Using Sticky Keys

by Barry Dysert
(last updated November 4, 2019)

There are many functions in Windows that require you to press multiple keys simultaneously. For example, in many applications pressing Ctrl+F (two keys at the same time) brings up the Find dialog. But if you can only use one finger at a time it's quite difficult to press multiple keys simultaneously.

Sticky Keys lets you press a modifier key (such as Shift, Ctrl, or Alt) and have it "stick" down while you press another key. How you turn Sticky Keys on depends on the version of Windows you are using.

  • If you are using Windows 7, start by going to Start | Control Panel | Ease of Access Center. Then click the Make the Keyboard Easier to Use link.
  • If you are using Windows 8, press Win+C to display the Charms area, click the Search icon, and search for "Sticky Keys" (without the quotes). In the results displayed, click Change How Your Keyboard Works.
  • If you are using Windows 10, use the Search box (left of the task bar, near the Start menu icon) to search for "Sticky Keys" (without the quotes). In the results displayed, click Allow the Shortcut Key to Start Sticky Keys.

Regardless of the version of Windows you are using, you'll see some options for easier use of the keyboard. Depending on the version of Windows, you may or may not have to scroll down a bit until you see the Press One Key at a Time for Keyboard Shortcuts option. (See Figure 1.)

Figure 1. The Ease of Access Center.

Clicking the checkbox or sliding the control beside " Press One Key at a Time for Keyboard Shortcuts"(depending on the version of Windows, you may also need to click Apply or OK) allows you to press a modifier key, have it "stick" down, and then press a keyboard key in order to simulate the simultaneous pressing of the keys. (Tangentially, if you want to later turn Sticky Keys off, just display this dialog box again and clear the checkbox or again slide the control beside " Press One Key at a Time for Keyboard Shortcuts.")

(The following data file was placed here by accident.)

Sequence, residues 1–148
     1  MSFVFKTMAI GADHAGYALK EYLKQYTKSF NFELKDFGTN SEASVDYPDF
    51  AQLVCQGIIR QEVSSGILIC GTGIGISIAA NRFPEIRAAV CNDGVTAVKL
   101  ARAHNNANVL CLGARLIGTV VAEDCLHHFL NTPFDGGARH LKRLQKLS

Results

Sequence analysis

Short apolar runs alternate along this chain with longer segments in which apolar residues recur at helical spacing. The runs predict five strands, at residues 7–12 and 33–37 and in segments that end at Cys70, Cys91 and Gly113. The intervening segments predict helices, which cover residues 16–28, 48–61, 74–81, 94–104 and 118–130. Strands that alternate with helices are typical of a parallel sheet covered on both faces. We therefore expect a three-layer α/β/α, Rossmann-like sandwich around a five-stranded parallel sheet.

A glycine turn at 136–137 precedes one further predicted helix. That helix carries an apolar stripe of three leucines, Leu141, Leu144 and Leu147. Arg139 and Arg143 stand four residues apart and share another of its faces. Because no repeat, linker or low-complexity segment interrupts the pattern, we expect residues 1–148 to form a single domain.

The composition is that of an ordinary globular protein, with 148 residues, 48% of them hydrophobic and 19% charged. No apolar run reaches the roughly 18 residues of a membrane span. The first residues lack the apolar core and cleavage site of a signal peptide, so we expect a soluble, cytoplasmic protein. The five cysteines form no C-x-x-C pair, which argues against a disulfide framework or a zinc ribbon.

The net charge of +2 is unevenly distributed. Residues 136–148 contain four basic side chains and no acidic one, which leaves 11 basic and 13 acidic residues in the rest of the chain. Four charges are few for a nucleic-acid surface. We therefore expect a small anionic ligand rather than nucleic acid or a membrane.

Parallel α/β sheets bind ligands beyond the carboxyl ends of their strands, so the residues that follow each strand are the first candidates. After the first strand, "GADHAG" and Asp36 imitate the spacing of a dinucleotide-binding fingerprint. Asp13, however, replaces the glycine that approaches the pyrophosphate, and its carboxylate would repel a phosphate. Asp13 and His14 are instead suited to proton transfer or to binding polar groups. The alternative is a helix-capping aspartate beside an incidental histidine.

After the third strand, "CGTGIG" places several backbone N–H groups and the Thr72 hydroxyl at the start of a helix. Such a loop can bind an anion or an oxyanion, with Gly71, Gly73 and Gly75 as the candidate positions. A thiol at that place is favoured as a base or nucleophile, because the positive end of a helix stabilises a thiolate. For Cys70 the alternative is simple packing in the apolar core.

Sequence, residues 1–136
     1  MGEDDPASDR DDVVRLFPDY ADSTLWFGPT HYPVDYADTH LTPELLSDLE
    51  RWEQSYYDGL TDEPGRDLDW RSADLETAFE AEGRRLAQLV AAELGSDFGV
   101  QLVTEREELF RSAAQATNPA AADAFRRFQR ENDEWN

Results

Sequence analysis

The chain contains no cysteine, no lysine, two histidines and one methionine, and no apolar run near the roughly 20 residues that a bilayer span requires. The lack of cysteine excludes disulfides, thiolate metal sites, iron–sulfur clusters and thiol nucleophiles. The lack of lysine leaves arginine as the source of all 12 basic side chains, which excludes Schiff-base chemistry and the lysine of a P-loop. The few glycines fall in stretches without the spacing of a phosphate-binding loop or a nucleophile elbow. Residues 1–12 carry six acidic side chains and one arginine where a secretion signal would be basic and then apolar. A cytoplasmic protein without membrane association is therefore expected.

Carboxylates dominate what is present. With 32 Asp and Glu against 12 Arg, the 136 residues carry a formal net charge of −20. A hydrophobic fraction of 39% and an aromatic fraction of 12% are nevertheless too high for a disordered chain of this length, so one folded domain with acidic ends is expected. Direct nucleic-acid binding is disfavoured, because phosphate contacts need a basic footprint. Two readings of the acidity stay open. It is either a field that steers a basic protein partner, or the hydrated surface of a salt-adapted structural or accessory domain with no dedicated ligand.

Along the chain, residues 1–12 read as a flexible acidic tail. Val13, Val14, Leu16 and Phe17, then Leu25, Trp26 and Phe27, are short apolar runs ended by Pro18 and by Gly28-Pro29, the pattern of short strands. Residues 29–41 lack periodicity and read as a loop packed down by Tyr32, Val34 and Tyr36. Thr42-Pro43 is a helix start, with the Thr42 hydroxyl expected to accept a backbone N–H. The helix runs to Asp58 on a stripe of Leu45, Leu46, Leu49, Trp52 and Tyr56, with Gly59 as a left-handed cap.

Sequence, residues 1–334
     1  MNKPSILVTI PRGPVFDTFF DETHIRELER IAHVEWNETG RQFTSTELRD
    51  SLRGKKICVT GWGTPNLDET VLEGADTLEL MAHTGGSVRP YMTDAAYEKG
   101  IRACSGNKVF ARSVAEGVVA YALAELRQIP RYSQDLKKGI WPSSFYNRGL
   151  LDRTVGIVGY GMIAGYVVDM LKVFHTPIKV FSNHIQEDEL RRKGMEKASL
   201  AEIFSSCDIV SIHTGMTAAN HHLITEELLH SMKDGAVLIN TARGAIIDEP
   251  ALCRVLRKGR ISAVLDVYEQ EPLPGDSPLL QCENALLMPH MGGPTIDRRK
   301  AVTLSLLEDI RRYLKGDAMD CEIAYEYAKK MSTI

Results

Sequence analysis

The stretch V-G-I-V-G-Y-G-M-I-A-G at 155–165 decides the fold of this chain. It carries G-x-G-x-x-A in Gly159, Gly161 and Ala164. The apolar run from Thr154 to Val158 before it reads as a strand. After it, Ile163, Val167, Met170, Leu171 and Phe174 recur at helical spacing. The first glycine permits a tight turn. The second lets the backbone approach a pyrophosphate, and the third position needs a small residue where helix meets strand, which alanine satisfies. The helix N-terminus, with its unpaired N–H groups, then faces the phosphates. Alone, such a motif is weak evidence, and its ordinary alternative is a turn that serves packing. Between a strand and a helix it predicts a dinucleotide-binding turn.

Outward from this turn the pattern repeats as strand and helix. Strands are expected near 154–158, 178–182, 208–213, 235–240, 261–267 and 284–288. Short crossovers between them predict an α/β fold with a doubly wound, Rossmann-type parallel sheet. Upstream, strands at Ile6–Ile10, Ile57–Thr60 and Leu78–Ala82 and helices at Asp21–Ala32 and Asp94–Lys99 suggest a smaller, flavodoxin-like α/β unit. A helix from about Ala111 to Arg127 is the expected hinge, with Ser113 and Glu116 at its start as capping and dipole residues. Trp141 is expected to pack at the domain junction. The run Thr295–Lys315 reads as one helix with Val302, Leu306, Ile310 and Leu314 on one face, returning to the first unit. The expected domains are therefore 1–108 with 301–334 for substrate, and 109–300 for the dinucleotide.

Once you've turned on Sticky Keys, you may want to configure how it works. If you are using Windows 7 or Windows 8, click the Set Up Sticky Keys link and Windows allows you to make changes. If you are using Windows 10, the settings display automatically when you turn Sticky Keys on. (See Figure 2.)

Figure 2. Turning on Sticky Keys.

The configuration options provide several ways for Sticky Keys to work. Check the options you want to use and uncheck those you don't. If you are using Windows 10, the changes take place immediately. If you are using Windows 7 or Windows 8, click Apply or OK to close the dialog box and have the settings take effect.

 This tip (5648) applies to Windows 7, 8, and 10.

Author Bio

Barry Dysert

Barry has been a computer professional for over 35 years, working in different positions such as technical team leader, project manager, and software developer. He is currently a software engineer with an emphasis on developing custom applications under Microsoft Windows. When not working with Windows or writing Tips, Barry is an amateur writer. His first non-fiction book is titled "A Chronological Commentary of Revelation." ...

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